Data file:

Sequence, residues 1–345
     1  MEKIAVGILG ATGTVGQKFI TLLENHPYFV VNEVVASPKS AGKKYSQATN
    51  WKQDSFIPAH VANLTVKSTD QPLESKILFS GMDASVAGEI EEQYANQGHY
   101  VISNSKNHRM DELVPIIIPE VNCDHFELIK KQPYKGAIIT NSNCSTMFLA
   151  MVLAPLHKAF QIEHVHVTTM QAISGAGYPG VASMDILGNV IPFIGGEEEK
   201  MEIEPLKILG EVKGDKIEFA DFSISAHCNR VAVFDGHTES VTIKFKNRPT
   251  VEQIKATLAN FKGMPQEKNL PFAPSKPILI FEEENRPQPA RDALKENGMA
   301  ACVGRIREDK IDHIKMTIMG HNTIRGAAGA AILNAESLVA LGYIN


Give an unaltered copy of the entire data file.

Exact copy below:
Sequence, residues 1–345
     1  MEKIAVGILG ATGTVGQKFI TLLENHPYFV VNEVVASPKS AGKKYSQATN
    51  WKQDSFIPAH VANLTVKSTD QPLESKILFS GMDASVAGEI EEQYANQGHY
   101  VISNSKNHRM DELVPIIIPE VNCDHFELIK KQPYKGAIIT NSNCSTMFLA
   151  MVLAPLHKAF QIEHVHVTTM QAISGAGYPG VASMDILGNV IPFIGGEEEK
   201  MEIEPLKILG EVKGDKIEFA DFSISAHCNR VAVFDGHTES VTIKFKNRPT
   251  VEQIKATLAN FKGMPQEKNL PFAPSKPILI FEEENRPQPA RDALKENGMA
   301  ACVGRIREDK IDHIKMTIMG HNTIRGAAGA AILNAESLVA LGYIN